SAN FRANCISCO (MarketWatch) — Burlington Northern Sante Fe hauls a lot of coal. In fact, electricity flowing to one out of every 10 homes in the United States is generated using coal hauled by Berkshire Hathaway Inc.’s Burlington Northern Santa Fe.
And as power plant demand for coal drops in favor of cheaper natural gas, Burlington Northern is seeing a decline in loadings which in turn could drag down Berkshire Hathaway’s results.
BNSF accounted for roughly 19% of Berkshire Hathaway’s (US:BRK.A) (US:BRK.B) pretax earnings in 2009 and about 11% of the holding company’s revenue, according to analysts at Barclays Capital.
“I think it’s a moderate headwind,” said Meyer Shields, an analyst at Stifel Nicolaus who covers Berkshire Hathaway.
Berkshire Hathaway is scheduled to release its quarterly earnings on Aug. 3.More than 90% of coal transported by BNSF comes from the Powder River Basin in eastern Wyoming and Montana. The price of Powder River Basin coal has fallen to $8.50 a ton as of July 6 from $12.90 a ton on Jan. 6.“Warren Buffett said in an interview recently that housing is picking up and everything else is flat. What that means, I guess, is that growth in freight is flat,” said Bill Smead, chief executive officer of Smead Capital Management.
Buffett told CNBC last week that freight car loadings were down moderately in the eastern region due mostly to less coal being hauled.The railroad declined to comment on its coal revenue but if it is like other railroad companies, its earnings are expected to reflect the impact of utility coal’s fall from grace.CSX Corp. (US:CSX) reported after the bell that its second-quarter profit rose to 49 cents a share from 46 cents a share in the same period a year earlier despite weakness in its utility coal business.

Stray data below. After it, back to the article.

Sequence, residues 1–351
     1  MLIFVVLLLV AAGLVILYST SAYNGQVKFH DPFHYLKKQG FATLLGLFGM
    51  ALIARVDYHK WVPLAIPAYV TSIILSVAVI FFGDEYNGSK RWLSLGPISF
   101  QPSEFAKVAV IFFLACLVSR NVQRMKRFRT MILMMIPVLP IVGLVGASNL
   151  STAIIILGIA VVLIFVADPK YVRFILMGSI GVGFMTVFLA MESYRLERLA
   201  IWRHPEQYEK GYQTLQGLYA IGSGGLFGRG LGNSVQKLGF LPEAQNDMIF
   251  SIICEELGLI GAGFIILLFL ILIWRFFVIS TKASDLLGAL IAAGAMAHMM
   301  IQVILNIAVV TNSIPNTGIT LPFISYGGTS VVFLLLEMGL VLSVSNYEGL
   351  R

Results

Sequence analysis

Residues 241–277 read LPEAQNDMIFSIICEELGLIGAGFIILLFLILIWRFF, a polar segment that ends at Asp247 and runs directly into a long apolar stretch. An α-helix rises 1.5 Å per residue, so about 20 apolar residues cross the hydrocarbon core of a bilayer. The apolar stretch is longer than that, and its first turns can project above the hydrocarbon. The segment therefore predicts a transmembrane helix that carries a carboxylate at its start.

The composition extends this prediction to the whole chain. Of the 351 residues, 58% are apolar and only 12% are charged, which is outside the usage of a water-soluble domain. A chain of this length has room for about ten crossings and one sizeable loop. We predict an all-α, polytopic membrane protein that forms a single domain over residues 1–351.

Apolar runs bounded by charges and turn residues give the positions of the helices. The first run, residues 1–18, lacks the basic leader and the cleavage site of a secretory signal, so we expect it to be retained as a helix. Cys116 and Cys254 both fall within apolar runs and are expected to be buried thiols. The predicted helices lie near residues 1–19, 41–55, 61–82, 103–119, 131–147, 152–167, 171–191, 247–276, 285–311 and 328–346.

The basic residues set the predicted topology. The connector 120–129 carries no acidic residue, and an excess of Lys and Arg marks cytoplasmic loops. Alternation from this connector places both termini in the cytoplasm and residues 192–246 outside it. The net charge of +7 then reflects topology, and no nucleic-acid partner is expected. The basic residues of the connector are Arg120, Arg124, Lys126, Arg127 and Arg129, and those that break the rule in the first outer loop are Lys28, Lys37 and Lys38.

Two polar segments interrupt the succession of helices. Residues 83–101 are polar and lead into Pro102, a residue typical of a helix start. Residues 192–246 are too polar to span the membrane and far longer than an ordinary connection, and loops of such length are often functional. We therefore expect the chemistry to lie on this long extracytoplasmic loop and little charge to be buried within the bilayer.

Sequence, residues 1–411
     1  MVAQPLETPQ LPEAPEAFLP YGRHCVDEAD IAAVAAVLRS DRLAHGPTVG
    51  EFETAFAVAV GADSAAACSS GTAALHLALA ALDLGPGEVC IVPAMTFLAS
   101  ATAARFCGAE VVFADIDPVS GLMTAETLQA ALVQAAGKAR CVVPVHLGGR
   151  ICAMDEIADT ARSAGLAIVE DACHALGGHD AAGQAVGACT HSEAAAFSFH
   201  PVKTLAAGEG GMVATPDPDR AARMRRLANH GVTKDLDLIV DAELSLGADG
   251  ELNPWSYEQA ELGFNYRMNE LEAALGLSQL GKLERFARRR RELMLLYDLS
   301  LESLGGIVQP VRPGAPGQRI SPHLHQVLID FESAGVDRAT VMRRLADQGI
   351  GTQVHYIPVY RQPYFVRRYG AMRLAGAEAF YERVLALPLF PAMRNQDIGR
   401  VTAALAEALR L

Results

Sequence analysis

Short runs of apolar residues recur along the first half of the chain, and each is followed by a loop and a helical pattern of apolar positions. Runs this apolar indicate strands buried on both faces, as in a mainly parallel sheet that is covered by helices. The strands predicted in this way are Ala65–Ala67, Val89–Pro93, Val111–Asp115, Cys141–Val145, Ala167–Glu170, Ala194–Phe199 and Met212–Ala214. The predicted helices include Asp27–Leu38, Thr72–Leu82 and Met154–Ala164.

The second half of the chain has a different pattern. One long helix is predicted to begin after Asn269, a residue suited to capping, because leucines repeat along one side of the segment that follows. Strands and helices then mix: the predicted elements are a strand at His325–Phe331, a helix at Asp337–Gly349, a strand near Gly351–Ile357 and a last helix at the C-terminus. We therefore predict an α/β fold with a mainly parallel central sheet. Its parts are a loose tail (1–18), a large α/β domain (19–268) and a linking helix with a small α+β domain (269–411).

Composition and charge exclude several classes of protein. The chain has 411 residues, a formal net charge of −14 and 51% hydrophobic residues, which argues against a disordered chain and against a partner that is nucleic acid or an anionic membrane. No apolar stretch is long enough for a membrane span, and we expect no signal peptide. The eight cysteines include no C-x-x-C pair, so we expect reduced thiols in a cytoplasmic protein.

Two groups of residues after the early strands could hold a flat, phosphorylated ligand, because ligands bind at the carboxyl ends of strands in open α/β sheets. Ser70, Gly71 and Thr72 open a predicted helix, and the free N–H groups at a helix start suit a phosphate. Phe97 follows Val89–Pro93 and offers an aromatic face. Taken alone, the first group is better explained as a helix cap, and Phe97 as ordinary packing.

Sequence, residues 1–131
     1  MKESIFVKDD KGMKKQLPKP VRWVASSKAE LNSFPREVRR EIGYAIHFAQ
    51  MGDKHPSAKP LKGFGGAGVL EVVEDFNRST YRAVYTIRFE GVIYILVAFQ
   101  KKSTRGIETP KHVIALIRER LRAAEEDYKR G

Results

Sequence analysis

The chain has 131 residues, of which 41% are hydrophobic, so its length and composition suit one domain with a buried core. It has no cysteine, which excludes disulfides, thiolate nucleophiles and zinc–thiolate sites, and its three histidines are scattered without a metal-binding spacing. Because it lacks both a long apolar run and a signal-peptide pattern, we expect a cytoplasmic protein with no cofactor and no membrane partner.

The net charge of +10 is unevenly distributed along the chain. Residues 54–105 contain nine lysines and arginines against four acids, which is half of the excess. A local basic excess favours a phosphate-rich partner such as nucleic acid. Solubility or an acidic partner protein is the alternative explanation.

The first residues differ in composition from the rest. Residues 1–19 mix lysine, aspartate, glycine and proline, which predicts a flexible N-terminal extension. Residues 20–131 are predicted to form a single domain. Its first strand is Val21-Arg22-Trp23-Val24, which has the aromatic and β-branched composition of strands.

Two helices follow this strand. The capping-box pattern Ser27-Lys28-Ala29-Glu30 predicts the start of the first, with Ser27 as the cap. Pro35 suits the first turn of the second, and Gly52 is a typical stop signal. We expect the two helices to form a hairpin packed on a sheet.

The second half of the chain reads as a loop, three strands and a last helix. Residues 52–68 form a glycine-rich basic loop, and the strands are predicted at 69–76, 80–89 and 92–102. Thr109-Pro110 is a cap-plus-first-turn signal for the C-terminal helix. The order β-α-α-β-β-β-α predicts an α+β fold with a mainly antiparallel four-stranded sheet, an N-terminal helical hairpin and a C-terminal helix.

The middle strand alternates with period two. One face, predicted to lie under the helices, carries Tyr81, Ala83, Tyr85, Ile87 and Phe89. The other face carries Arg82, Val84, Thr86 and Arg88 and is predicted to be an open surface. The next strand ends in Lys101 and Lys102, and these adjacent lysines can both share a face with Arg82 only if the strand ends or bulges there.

Kansas City Southern (US:KSU) on Tuesday also reported its second-quarter profit jumped to $1.09 a share from 64 cents a share in the year-ago period on revenue of $545.3 million. The company credited the slight rise in revenue to a 4% increase in carloads which helped to offset a lower-than-anticipated coal traffic.
The slump in demand for coal was underscored by data from the Energy Information Administration last week that showed that for the first time ever, gas-fired power plants generated as much electricity as coal-fired plants in April. Read more how coal is no longer king.
The preference for natural gas and a warm winter has led to a glut of coal at many utilities, said Timna Tanners, a research analyst at Bank of America Merrill Lynch.
“We remain cautious on U.S. thermal coal, and expect further updates on curtailment plans and elevated costs in Q2 earnings results and conference calls,” said Tanners in a report.Indeed, the best hope for coal’s recovery is for natural gas price to rebound, she said.
Natural-gas futures for August delivery (US:NGQ12) lost 0.5 cent, or 0.2%, to $2.80 per million British thermal units on Tuesday.MidAmerican Energy Co., a utility company that serves the Midwest, is another Berkshire Hathaway company that has a lot of exposure to coal.Its generation portfolio includes 45% coal, 17% natural gas, 31% wind, and around 7% nuclear, said Ann Thelen, director of communications at MidAmerican Energy Holdings Co. She declined to comment on whether the company plans to lower its reliance on coal.MidAmerican contributed 11% to Berkshire Hathaway’s 2009 pretax earnings and 9% to its revenue, the Barclays analysts said.